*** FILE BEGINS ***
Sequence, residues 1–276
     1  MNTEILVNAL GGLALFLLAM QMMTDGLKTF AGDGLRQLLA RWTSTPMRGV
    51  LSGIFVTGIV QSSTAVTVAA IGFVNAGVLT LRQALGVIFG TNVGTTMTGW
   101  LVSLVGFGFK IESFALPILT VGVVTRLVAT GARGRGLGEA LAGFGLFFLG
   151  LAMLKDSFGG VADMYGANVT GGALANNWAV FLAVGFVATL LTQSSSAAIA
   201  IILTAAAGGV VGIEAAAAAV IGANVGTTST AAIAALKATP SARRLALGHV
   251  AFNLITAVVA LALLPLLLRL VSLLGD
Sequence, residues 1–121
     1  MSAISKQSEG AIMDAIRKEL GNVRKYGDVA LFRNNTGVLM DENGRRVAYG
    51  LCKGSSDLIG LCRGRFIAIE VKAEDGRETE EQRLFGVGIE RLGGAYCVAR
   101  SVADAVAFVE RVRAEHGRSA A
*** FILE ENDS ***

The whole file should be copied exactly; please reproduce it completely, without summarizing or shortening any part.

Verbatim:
Sequence, residues 1–276
     1  MNTEILVNAL GGLALFLLAM QMMTDGLKTF AGDGLRQLLA RWTSTPMRGV
    51  LSGIFVTGIV QSSTAVTVAA IGFVNAGVLT LRQALGVIFG TNVGTTMTGW
   101  LVSLVGFGFK IESFALPILT VGVVTRLVAT GARGRGLGEA LAGFGLFFLG
   151  LAMLKDSFGG VADMYGANVT GGALANNWAV FLAVGFVATL LTQSSSAAIA
   201  IILTAAAGGV VGIEAAAAAV IGANVGTTST AAIAALKATP SARRLALGHV
   251  AFNLITAVVA LALLPLLLRL VSLLGD
Sequence, residues 1–121
     1  MSAISKQSEG AIMDAIRKEL GNVRKYGDVA LFRNNTGVLM DENGRRVAYG
    51  LCKGSSDLIG LCRGRFIAIE VKAEDGRETE EQRLFGVGIE RLGGAYCVAR
   101  SVADAVAFVE RVRAEHGRSA A